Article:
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How much fast is C++ than Java?

P: n/a
I have an app in Java. It works fine. Some people say Java works as
fast as C. Is that true?

C can use assembly language programs. How much faster are they inplace
of calling general routines.

Can C++ directly acess the Registers.

Will the Computation 5-10 times faster than Java?

Is there any benchmark which tell us these things.

Bye
Sanny

C++ Experts Needed: http://www.getclub.com/Experts.php
Jun 27 '08 #1
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7 Replies


P: n/a

"Sanny" <so*******@hotmail.comwrote in message
news:9c**********************************@y18g2000 pre.googlegroups.com...
>I have an app in Java. It works fine. Some people say Java works as
fast as C. Is that true?
No. C will typically be about 5-10 times faster than the same application
written in Java, if the bottleneck is in code written in those languages.
That's an important point, because often the bottleneck is the rasteriser on
the grapj=hics card or something similar, in which case C will have no
advantage.

However it rarely matters on modern PCs. The screen now usually updates
within a frame, so for any interactive work either Java or C is acceptable.

--
Free games and programming goodies.
http://www.personal.leeds.ac.uk/~bgy1mm

Jun 27 '08 #2

P: n/a
bl****@myrealbox.com <bl****@myrealbox.comwrites:
In article <1p*********************@bt.com>,
Malcolm McLean <re*******@btinternet.comwrote:
>>
"Sanny" <so*******@hotmail.comwrote in message
news:9c**********************************@y18g200 0pre.googlegroups.com...
>I have an app in Java. It works fine. Some people say Java works as
fast as C. Is that true?
No. C will typically be about 5-10 times faster than the same application
written in Java, if the bottleneck is in code written in those languages.
That's an important point, because often the bottleneck is the rasteriser on
the grapj=hics card or something similar, in which case C will have no
advantage.

In my (admittedly limited, but more than zero) experience, C
is indeed faster, but not by anything like a factor of 5 to 10.
I'm curious to know what kinds of applications, on what systems,
exhibit such dramatic differences. I just did a quick check
using a toy numerical-integration example for a class I teach,
and the Java version took about 2.9 seconds, while the C version
took about 1.6 seconds. This is on a reasonably fast Intel-based
It all depends on the applications and on how much time is spent in the
library functions. It really doesn't take a rocket scientist to realise
that C, written by a competent programmer, will generally be faster than
Java.

Jun 27 '08 #3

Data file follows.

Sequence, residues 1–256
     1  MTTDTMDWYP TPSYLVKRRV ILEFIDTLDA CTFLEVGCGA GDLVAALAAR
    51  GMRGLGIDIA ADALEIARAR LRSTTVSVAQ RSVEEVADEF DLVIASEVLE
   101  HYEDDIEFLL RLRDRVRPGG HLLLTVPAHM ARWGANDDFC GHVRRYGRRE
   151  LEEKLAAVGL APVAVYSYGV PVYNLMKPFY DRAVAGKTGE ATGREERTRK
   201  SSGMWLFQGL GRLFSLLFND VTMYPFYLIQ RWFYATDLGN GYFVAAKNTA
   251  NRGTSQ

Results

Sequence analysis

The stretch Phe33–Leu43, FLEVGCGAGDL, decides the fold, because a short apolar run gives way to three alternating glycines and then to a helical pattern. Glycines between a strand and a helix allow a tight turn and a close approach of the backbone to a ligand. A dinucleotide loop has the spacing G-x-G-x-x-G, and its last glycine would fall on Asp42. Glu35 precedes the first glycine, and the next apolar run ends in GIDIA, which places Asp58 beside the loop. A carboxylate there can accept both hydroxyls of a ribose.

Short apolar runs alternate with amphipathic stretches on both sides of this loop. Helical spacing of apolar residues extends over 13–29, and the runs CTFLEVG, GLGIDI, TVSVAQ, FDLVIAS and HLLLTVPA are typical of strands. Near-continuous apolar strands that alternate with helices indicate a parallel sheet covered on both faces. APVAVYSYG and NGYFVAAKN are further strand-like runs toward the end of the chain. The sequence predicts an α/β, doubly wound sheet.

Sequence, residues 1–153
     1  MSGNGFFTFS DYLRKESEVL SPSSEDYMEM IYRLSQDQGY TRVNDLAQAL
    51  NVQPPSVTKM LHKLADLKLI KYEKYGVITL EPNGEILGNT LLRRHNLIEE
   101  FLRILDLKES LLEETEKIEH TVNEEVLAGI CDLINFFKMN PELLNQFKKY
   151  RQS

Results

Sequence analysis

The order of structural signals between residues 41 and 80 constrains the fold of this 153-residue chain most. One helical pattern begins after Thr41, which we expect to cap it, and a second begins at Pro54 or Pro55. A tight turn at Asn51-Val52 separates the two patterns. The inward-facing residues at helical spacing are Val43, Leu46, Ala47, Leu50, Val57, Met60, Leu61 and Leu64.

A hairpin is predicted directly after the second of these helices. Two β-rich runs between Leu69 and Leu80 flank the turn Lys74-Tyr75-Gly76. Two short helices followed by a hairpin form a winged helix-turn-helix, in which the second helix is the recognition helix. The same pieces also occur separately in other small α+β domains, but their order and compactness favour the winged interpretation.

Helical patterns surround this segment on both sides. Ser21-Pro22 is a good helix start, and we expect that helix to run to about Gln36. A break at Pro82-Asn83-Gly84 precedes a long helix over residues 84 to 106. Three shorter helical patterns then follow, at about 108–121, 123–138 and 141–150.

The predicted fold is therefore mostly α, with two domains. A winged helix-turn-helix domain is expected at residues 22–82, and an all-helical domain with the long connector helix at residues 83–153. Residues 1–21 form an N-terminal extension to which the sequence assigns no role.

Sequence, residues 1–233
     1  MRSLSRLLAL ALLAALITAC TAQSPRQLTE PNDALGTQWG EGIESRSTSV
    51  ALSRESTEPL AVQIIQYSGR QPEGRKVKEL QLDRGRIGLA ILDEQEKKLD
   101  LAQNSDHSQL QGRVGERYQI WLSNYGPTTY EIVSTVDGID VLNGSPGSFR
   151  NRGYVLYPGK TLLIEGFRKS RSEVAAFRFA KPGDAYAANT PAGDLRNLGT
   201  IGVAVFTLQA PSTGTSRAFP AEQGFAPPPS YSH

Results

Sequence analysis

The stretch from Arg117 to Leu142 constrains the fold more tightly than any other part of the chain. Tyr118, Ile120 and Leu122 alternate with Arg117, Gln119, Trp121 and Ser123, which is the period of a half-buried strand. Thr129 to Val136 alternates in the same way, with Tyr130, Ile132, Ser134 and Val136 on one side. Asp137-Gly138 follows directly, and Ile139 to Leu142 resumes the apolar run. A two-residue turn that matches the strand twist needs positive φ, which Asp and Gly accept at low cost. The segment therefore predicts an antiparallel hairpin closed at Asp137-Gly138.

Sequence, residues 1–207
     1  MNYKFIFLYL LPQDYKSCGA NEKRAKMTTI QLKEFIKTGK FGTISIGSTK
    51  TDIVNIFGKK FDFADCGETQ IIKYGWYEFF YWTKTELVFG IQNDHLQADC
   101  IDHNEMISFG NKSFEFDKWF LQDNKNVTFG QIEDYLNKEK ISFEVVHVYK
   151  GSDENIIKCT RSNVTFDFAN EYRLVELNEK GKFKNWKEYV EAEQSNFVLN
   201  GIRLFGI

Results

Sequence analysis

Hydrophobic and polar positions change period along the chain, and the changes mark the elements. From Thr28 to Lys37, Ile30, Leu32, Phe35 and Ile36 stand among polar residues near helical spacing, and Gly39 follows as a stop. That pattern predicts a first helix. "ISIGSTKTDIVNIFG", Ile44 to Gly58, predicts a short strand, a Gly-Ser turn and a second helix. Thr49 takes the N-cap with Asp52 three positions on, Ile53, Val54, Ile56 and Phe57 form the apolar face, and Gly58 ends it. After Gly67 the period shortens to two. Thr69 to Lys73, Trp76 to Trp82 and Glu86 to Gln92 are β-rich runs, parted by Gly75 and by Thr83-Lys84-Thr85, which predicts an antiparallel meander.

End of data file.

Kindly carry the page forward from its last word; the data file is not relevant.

P: n/a
In article <ft**********@registered.motzarella.org>,
Richard <de***@gmail.comwrote:
bl****@myrealbox.com <bl****@myrealbox.comwrites:
In article <1p*********************@bt.com>,
Malcolm McLean <re*******@btinternet.comwrote:
>
"Sanny" <so*******@hotmail.comwrote in message
news:9c**********************************@y18g2000 pre.googlegroups.com...
I have an app in Java. It works fine. Some people say Java works as
fast as C. Is that true?

No. C will typically be about 5-10 times faster than the same application
written in Java, if the bottleneck is in code written in those languages.
That's an important point, because often the bottleneck is the rasteriser on
the grapj=hics card or something similar, in which case C will have no
advantage.
In my (admittedly limited, but more than zero) experience, C
is indeed faster, but not by anything like a factor of 5 to 10.
I'm curious to know what kinds of applications, on what systems,
exhibit such dramatic differences. I just did a quick check
using a toy numerical-integration example for a class I teach,
and the Java version took about 2.9 seconds, while the C version
took about 1.6 seconds. This is on a reasonably fast Intel-based

It all depends on the applications and on how much time is spent in the
library functions. It really doesn't take a rocket scientist to realise
that C, written by a competent programmer, will generally be faster than
Java.
Probably so (despite the occasional claims by Java advocates
about the magic that can be worked via JIT compiling). But -- a
factor of 5 or 10? That's entirely plausible if the Java runtime
system is strictly a byte-code interpreter, as I understand the
early implementations were, but these days most of them do that
JIT compiling to native code, and while compiling isn't free,
it seems to me that if the cost of compiling a class is amortized
over many calls to its methods ....

Well. I don't mean to incite a flame war here -- I use and like
both Java and C -- but .... I wouldn't disagree with "Java is
generally slower, sometimes by a lot", but "Java is generally 5
to 10 times slower" seems to me to be too strong a claim. But I
admit that my perception is based more on anecdote and hearsay
than careful research.

--
B. L. Massingill
ObDisclaimer: I don't speak for my employers; they return the favor.
Jun 27 '08 #4

P: n/a
bl****@myrealbox.com wrote:
In article <ft**********@registered.motzarella.org>,
Richard <de***@gmail.comwrote:
>bl****@myrealbox.com <bl****@myrealbox.comwrites:
In article <1p*********************@bt.com>,
Malcolm McLean <re*******@btinternet.comwrote:

"Sanny" <so*******@hotmail.comwrote in message
news:9c**********************************@y18g2000 pre.googlegroups.com...
>I have an app in Java. It works fine. Some people say Java works
as
fast as C. Is that true?

No. C will typically be about 5-10 times faster than the same
application written in Java, if the bottleneck is in code written
in those languages. That's an important point, because often the
bottleneck is the rasteriser on the grapj=hics card or something
similar, in which case C will have no advantage.

In my (admittedly limited, but more than zero) experience, C
is indeed faster, but not by anything like a factor of 5 to 10.
I'm curious to know what kinds of applications, on what systems,